Addressing Android Fragmentation

A link from the folks who make the OpenSignalMaps app for Android has been making the rounds in the last couple of days. In the article, they reveal that they have been analyzing the Android devices that have been using their app and have counted 3,997 different Android variants of model, brand, Android version, and screen size. You can imagine the headache that causes for application testers and for mobile Web developers.

Android Fragmentation Infographic

I see a number of reasons for this plethora of Android variants:

  • It takes longer for old versions of Android OS to fall into disuse; it takes in the order of a year for a new version from Google to be adopted, updated, and tested by the device manufacturers and tested by the carriers.
  • Companies like Samsung and HTC take a spaghetti against the wall approach, creating large numbers of different devices in the attempt to cater to different customer interests. For example, I counted 34 current models advertised by HTC, with 23 of them running Android, and 5 Android tablet models. Samsung shows 144 models (!), with 54 running Android, and 17 Android tablet models.
  • Not reflected in the report, but smart-phone manufacturers using Android need to differentiate themselves from the other manufacturers also using Android. To help with this, these companies extend the base Android install with their own user interface customization layers. HTC adds Sense UI, Samsung adds TouchWiz, and other makers such as LG, Motorola, and Sony Ericsson have their own equivalents. This of course introduces additional functional differences between handsets from different vendors, not to mention bugs and performance issues.

As a consumer, I’ve looked through lists of Android devices trying to pick one that is suitable, and it’s actually quite intimidating. Compare that with Apple where your choice is between the legacy iPhone 4 or the current iPhone 4s. As a developer working increasingly with mobile, it’s intimidating from a testing standpoint. While proponents cite the level of choice that exists, that choice comes with a big cost.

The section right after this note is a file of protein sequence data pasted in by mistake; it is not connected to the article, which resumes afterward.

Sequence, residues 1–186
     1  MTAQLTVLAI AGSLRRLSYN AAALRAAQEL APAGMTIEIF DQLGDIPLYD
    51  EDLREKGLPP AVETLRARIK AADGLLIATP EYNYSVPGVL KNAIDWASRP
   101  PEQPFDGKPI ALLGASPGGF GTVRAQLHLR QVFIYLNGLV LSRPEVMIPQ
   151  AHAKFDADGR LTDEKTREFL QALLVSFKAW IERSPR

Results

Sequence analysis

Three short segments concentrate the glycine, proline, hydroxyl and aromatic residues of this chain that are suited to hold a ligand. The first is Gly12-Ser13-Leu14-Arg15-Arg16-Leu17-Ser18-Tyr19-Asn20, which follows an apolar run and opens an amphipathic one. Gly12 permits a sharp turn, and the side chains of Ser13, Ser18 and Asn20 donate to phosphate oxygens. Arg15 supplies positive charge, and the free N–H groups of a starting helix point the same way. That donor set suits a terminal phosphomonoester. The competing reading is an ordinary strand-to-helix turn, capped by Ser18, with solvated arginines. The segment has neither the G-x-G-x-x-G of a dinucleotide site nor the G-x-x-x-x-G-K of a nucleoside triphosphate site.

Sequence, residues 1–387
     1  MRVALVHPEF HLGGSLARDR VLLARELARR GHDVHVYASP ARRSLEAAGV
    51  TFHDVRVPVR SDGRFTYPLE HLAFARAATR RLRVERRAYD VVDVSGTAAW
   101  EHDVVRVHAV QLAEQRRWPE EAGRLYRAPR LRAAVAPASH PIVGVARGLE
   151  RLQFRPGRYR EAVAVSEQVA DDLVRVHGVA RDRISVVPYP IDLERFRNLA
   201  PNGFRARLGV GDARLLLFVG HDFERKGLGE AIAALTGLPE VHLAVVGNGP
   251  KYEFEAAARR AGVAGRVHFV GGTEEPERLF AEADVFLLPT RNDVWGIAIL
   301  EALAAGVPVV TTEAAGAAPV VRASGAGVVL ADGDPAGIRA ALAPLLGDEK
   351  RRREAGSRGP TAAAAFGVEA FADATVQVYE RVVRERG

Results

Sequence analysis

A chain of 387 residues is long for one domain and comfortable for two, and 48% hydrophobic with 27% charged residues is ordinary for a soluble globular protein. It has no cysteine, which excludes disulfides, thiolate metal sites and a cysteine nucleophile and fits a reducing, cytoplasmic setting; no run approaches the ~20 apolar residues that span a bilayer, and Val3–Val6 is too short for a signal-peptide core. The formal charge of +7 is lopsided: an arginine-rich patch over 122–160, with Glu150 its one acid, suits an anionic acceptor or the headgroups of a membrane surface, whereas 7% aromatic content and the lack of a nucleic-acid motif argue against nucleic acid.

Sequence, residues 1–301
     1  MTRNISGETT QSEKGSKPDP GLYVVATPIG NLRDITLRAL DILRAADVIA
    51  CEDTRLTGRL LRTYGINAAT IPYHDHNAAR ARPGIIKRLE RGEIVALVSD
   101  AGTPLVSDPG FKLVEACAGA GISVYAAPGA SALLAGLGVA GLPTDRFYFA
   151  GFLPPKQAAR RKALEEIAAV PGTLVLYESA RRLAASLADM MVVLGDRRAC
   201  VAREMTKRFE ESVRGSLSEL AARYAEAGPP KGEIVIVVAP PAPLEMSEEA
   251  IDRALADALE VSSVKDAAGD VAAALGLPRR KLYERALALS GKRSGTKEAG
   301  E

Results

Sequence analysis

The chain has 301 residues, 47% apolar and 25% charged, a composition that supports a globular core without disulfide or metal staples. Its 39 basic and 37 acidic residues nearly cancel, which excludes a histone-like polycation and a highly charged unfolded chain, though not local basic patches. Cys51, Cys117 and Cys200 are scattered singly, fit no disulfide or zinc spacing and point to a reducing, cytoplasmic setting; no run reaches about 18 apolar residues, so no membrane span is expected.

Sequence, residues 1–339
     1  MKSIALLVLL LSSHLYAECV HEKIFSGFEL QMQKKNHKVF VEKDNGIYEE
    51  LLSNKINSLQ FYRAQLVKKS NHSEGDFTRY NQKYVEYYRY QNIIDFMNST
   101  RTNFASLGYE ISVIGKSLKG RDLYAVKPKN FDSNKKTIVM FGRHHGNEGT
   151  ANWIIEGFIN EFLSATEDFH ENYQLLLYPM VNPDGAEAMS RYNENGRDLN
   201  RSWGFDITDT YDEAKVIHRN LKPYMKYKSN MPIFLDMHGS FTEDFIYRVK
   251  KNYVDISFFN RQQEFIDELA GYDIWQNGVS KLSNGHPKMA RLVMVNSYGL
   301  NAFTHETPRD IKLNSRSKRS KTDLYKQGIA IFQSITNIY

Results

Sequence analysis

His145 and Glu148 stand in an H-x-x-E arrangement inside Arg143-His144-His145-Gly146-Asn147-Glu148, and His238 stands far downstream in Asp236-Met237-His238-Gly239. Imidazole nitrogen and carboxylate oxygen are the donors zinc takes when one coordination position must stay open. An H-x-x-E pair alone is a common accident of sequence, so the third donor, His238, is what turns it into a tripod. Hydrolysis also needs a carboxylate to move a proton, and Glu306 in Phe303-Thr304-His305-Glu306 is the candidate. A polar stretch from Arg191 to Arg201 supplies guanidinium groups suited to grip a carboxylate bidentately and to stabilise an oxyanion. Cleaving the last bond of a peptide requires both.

From a developer’s point of view, there are a few things that would be a big help:

  • Google should update their emulator so that it simulates individual models. Right now, that’s pretty much impossible. In contrast, Research in Motion includes virtual machines for pretty much every iteration of every single Blackberry that they sell, including the variants from every carrier.
  • Google should update the Web browser in their emulators so that they also do a better job of simulating real devices. The one they have now is piss-poor, the only thing it’s good for is showing that yes, there is a web page showing. In contrast, mobile Safari in Apple’s emulators makes a very accurate representation of the real thing and can be used for testing and debugging purposes.
  • Not that this will happen anytime soon, but it sure would be helpful if handset vendors stopped taking the spaghetti against the wall approach and focused their offerings with fewer models.

Having emulators is no replacement for the real device, but who’s going to have a testbed of 4,000 devices? I would be very happy to see these things happen, but I’m not holding my breath. Still, I can dream.